Hendley is deeply grateful for the support from generous donors to the Gear Up for Game Wardens program.

“It’s nice knowing you have that support, and that it’s coming from all over Texas,” said Hendley.

After several years on the job, Kyle’s passion for his work has not dimmed.

“I absolutely love my job,” said Hendley with a laugh. “I just had four days off and I was chomping at the bit to get back out there, because I love it so much. I feel very fortunate that my boyhood dream of becoming a Texas Game Warden has come true.”

Meet Texas Game Warden Kevin Winters

By | Uncategorized

Kevin Winters has dreamed of becoming a Texas Game Warden since he was a schoolkid. For a boy from the west side of San Antonio, it was a big dream.

“I fished with my dad, but I had never experienced hunting,” said Kevin. “My family struggled to make ends meet, and it just wasn’t something we did. When my middle school coach found out I was interested in the outdoors, he invited me to go on a hog hunt. I was hooked!”

His high school coach was also an avid hunter and invited Kevin and his friends to spend time at his hunting lease in Hondo. Kevin shot his first white-tailed deer there and learned more about what it means to be an outdoorsman. He also met a Texas Game Warden for the very first time.

“I was interested in law enforcement and knew about police officers and sheriff’s deputies, but I didn’t really know about game wardens,” he said. “He was so friendly, and I was very impressed with his uniform, especially his cowboy hat. I knew at that moment that’s what I wanted to do when I got older.”

Kevin did his homework and learned that he would need to pursue a bachelor’s degree to even think about becoming a Texas Game Warden. That was another big dream.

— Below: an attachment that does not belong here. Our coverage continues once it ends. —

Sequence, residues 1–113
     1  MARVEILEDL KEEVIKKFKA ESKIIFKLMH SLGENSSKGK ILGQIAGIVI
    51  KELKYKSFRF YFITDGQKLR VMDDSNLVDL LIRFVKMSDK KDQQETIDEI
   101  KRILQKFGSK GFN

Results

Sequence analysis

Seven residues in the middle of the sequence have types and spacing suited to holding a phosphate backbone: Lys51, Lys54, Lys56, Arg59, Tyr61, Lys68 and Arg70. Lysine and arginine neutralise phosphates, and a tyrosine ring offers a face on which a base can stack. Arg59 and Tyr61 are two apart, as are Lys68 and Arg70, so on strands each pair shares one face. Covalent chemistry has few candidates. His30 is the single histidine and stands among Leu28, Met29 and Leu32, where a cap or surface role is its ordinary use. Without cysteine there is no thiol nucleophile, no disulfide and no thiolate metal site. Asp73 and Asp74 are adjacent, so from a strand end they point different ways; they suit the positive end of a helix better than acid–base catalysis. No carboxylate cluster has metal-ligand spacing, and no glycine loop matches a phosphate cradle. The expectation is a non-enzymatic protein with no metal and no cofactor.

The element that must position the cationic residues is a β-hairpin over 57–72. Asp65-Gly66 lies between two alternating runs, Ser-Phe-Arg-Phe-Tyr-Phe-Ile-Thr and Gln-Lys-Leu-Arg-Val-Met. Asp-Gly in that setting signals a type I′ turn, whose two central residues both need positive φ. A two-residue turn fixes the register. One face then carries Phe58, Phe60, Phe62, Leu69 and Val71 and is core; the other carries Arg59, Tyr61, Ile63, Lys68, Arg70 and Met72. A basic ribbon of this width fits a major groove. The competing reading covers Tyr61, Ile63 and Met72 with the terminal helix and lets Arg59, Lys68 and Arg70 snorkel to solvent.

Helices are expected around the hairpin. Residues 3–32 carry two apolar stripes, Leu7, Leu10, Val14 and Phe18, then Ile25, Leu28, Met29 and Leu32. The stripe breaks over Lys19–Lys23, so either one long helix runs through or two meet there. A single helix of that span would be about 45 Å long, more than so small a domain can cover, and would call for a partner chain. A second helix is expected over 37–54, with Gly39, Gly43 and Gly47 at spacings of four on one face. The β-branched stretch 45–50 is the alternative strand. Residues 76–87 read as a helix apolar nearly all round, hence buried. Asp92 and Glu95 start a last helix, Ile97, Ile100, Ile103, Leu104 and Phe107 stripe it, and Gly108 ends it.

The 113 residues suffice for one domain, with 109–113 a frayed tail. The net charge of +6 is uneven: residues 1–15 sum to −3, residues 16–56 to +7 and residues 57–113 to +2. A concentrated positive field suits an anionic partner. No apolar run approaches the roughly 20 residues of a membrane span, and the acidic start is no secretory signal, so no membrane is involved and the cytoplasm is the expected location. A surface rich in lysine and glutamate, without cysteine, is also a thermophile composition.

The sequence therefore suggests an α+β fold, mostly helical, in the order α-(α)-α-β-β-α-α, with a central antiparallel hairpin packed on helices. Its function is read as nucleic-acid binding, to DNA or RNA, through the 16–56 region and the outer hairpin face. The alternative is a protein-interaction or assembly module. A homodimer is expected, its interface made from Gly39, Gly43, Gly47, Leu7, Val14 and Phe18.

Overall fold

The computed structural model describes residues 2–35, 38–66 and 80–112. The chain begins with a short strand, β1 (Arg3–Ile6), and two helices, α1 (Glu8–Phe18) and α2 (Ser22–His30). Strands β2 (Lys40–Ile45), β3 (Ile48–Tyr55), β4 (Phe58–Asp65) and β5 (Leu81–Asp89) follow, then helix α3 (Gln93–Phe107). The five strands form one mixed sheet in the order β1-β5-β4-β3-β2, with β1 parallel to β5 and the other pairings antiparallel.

“I was the first one in my whole family to step foot on a college campus,” he said.

He pursued an associate’s degree in criminal justice, and continued to research what would it would take to make a good game warden candidate. Gaining some law enforcement experience was on top of his list, and he saved up to pay for tuition to the San Antonio College Law Enforcement Academy. That opened the door to his first job as an officer with Edgewood Independent School District, which led to a job with the Converse Police Department. His dream of getting a bachelor’s degree to qualify him for the Texas Game Warden Academy was sidetracked for a while.

“I had to work to help my family out financially, and I thought it would be good to get some law enforcement experience, so I focused on that for a few years.”

He spent another couple of years as a Border Patrol agent and realized he needed to refocus on his dream of becoming a Texas Game Warden. By this time, he had married his high school sweetheart, a teacher, who supported his decision to go back to school. He completed his bachelor’s degree while working full-time, now as a police officer with the City of Live Oak. Degree in hand, he applied to be a Texas Game Warden cadet in late 2015.

“I read somewhere that you have a better chance getting into Harvard, that there’s like a 3% chance of getting in, so I didn’t have my hopes too high,” said Kevin. “When I got the call, I was just overwhelmed. I had worked so hard, for so many years, and I could hardly believe I was on my way to becoming a Texas Game Warden.”

He headed to the Game Warden Training Center in January 2016, while his wife was pregnant with their second child. She held down the fort at home, while Kevin completed the grueling seven-month training regimen. From there the young family was stationed in Webb County, and then moved to Harris County a few years later.

“I loved working the South Texas brush, and also spent a lot of time in inner city neighborhoods in Laredo doing outreach,” said Kevin. “I put in for the Harris County position, because I wanted to learn about commercial saltwater enforcement so I could be a more well-rounded game warden.”

And then another opportunity presented itself: a chance to apply to be a member of the Texas Game Warden K-9 Unit.

“I grew up loving dogs and had always admired the K-9 teams at the police departments I worked at,” he said. “I applied and was thrilled to be selected. My K-9 partner and I will be supporting Texas Game Wardens all over the state.”